Why Government Leaders Are Turning to AI


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Artificial Intelligence has empowered government employees to deliver on the mission. Today, agency IT leaders are turning to AI to extract data from growing mounds of records, address higher demands on social services and rethink outdated tools and processes for scale.

Since its inception, artificial intelligence (AI) has been feared, revered and widely misunderstood.

Over the course of the last two years, leaders have seen the practical applications of Artificial Intelligence (AI) and Machine Learning (ML) come to life. And as these technologies become more widely accessible, they’re helping solve some of the public sector’s most pressing challenges. 

AI Helps Agencies Push the Limits of Legacy IT and Workforce

“What I’ve seen over the past two-plus years is that agency leaders have really seen the limits of their legacy IT stacks and workforce,” says Chris Hein, director of customer engineering at Google Cloud public sector. “AI has gone from being something somewhat sci-fi to something quite real and tangible.”

Today, agency IT leaders use AI to extract data from growing mounds of records, address higher demands on social services and rethink outdated tools and processes that have become increasingly expensive to maintain. 

For example, Google Cloud’s AI solutions are helping U.S. Navy technicians predict maintenance on warships and enabling city leaders in the city of Memphis to rank potholes in a repair queue. It’s providing decision-makers at the U.S. Patent and Trademark Office with parsed information needed for the examination process, reviewing and granting applications. Some organizations are even using Google AI to target climate change and social equity.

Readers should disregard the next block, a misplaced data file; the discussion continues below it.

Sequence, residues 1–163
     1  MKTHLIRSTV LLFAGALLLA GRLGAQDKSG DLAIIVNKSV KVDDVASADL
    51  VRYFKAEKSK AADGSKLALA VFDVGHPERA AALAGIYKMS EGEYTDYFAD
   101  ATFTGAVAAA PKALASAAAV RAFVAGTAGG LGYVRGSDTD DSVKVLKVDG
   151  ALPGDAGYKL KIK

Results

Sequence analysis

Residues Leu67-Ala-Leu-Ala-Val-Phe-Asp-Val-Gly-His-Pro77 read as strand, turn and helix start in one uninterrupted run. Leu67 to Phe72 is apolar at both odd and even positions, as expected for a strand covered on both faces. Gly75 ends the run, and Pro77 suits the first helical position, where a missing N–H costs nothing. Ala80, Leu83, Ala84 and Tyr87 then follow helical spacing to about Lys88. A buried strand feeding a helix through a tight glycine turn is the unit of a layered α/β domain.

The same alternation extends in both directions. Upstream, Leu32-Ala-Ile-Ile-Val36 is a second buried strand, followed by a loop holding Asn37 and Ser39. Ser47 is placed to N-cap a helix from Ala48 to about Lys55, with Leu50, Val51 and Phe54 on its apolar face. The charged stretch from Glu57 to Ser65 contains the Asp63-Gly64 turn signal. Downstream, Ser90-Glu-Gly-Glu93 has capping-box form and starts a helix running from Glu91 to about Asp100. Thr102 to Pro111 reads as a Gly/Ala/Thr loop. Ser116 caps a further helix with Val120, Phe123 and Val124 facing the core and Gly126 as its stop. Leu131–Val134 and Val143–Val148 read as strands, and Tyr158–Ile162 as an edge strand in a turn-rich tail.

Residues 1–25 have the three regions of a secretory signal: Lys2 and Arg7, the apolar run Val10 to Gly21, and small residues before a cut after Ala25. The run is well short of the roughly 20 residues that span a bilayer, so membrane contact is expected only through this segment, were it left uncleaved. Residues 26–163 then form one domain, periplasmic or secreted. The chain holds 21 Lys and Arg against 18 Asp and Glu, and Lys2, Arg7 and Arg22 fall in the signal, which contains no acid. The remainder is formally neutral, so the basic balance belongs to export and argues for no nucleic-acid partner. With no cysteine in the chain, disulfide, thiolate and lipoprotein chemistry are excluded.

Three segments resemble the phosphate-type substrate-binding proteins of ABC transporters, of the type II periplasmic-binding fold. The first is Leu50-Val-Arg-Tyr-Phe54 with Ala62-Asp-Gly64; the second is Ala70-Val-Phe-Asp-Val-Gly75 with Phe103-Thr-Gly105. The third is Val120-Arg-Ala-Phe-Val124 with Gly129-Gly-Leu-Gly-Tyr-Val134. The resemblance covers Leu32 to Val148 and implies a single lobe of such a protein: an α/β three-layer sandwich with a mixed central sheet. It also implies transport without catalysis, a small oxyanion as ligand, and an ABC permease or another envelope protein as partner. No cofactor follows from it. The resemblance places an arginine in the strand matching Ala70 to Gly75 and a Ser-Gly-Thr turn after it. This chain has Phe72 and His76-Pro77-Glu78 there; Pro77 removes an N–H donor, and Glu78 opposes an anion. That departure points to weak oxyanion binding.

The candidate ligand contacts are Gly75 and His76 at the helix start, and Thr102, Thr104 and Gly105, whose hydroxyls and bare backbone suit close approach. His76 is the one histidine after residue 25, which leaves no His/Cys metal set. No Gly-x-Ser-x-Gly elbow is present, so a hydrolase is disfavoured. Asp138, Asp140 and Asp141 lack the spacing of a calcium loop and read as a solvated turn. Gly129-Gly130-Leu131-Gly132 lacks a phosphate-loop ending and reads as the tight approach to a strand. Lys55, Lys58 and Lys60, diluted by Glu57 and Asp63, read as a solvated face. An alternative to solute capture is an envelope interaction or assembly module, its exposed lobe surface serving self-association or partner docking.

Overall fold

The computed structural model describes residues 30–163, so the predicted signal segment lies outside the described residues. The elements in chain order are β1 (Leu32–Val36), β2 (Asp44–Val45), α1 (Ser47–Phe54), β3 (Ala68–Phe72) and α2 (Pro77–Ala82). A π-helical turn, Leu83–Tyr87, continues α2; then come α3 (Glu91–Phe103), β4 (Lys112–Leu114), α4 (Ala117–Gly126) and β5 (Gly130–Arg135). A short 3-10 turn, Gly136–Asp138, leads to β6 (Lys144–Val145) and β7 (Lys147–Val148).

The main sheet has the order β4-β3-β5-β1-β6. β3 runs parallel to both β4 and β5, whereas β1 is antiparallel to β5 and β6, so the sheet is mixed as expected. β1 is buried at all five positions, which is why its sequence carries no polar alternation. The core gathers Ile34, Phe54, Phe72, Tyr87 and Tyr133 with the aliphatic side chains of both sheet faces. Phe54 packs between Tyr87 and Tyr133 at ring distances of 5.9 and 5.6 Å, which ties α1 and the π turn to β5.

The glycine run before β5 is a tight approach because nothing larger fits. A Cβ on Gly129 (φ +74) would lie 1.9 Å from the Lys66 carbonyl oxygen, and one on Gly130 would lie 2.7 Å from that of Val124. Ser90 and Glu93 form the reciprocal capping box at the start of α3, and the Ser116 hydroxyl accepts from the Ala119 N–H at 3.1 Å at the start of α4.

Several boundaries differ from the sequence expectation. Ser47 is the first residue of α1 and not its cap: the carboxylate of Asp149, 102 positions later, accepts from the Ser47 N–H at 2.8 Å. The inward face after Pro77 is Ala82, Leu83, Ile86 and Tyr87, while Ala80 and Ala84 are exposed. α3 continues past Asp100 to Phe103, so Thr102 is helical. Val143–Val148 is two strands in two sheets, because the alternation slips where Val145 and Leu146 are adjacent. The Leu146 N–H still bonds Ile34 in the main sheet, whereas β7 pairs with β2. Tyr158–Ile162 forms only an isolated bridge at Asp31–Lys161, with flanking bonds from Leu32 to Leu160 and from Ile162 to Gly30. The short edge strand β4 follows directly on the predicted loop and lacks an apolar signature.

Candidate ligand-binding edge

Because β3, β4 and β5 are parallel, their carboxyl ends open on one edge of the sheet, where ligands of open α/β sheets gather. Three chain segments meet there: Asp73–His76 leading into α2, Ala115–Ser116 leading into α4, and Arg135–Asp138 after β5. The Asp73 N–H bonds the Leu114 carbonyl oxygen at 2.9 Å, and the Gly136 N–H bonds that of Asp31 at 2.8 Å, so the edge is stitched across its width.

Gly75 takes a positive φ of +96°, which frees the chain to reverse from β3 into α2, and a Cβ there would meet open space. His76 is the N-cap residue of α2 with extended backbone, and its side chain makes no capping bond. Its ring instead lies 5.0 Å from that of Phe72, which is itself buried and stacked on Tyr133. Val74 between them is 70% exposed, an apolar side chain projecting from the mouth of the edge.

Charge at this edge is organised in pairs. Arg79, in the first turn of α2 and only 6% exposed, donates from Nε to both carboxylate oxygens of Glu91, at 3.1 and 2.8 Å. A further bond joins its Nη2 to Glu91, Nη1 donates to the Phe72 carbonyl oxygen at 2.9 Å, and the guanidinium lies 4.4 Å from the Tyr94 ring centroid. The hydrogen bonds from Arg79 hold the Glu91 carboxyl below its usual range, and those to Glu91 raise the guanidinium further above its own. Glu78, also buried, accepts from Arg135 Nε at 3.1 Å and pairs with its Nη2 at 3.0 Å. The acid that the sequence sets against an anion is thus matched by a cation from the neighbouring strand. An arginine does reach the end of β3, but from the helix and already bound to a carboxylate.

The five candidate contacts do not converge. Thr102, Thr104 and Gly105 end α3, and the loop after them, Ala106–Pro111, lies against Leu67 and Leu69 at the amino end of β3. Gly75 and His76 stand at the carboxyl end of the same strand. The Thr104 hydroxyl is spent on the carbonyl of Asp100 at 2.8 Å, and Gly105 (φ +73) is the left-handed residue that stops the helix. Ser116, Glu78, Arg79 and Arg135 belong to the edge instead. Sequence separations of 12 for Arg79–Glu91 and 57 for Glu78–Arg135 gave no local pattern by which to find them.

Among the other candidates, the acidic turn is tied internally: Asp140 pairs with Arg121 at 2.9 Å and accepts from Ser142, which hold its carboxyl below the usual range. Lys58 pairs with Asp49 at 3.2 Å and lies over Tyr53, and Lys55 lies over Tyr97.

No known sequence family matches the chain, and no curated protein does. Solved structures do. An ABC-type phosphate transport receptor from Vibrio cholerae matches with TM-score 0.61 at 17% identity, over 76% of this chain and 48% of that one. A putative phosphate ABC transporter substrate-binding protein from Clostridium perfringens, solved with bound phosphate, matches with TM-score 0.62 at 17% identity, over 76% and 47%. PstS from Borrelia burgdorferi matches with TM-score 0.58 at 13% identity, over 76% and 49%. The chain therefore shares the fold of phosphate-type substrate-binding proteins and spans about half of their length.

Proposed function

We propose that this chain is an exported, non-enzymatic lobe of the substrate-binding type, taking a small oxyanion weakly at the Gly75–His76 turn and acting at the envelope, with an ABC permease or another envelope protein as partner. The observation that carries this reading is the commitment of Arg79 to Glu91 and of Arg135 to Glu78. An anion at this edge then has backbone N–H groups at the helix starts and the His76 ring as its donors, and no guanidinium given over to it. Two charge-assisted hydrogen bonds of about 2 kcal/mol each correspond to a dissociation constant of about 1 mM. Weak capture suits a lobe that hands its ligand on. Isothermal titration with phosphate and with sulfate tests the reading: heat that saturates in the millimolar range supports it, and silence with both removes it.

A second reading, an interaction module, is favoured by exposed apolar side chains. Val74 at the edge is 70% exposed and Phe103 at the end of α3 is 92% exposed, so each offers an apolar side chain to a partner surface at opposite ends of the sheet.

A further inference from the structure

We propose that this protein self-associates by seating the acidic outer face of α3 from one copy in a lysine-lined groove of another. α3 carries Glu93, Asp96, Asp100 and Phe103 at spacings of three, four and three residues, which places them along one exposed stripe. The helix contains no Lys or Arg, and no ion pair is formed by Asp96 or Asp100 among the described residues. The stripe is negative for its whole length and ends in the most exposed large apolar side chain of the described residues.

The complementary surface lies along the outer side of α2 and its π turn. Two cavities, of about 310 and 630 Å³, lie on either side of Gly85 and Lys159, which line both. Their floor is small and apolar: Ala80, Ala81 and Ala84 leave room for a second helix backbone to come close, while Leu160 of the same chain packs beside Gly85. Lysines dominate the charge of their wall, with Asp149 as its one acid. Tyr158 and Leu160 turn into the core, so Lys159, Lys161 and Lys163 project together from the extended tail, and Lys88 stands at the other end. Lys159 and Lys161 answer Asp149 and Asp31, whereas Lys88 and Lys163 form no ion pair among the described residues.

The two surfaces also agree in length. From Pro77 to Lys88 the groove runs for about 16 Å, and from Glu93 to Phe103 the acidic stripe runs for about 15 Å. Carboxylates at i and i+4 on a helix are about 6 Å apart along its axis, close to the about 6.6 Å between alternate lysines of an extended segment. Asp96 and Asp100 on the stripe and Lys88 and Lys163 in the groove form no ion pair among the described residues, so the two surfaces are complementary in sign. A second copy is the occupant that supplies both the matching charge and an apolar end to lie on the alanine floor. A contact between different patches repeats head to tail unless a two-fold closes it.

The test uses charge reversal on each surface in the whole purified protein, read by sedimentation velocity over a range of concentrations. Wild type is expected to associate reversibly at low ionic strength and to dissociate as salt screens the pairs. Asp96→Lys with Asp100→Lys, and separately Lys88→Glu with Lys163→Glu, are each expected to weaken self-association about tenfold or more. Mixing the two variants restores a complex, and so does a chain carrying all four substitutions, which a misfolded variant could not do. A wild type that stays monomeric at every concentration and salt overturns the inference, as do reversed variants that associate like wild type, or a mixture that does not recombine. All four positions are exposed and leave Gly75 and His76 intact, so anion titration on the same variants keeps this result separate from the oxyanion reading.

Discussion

AI has been around for decades, but the use of this technology increased significantly during the COVID-19 pandemic. As employees began working from home in droves, technology became a necessity to complete basic job functions. Instead of having to get faxed paperwork and then manually enter it into a system, government workers were able to see a scanned copy that had been inputted using Document AI and the worker just needed to verify accuracy. 

AI Makes Constituent Interactions Faster and More Intuitive

But it’s not only employees who rely on AI to do their jobs effectively; citizens are also pushing for faster and more intuitive interactions with their government — and AI can help make that possible. 

“Political leaders are facing the pressure from their constituents who are saying, ‘If I can get my Amazon packages delivered as quickly as I can, how come I can’t get unemployment assistance without filling out 60 pages of forms?’” Hein says. “Or how come a consumer can enter Home Depot and use technology to navigate exactly what aisle and bin a screw are in but not be able to locate a form for a fishing license?”

Leaders are Investing in Solutions for Today, Tomorrow and the Future.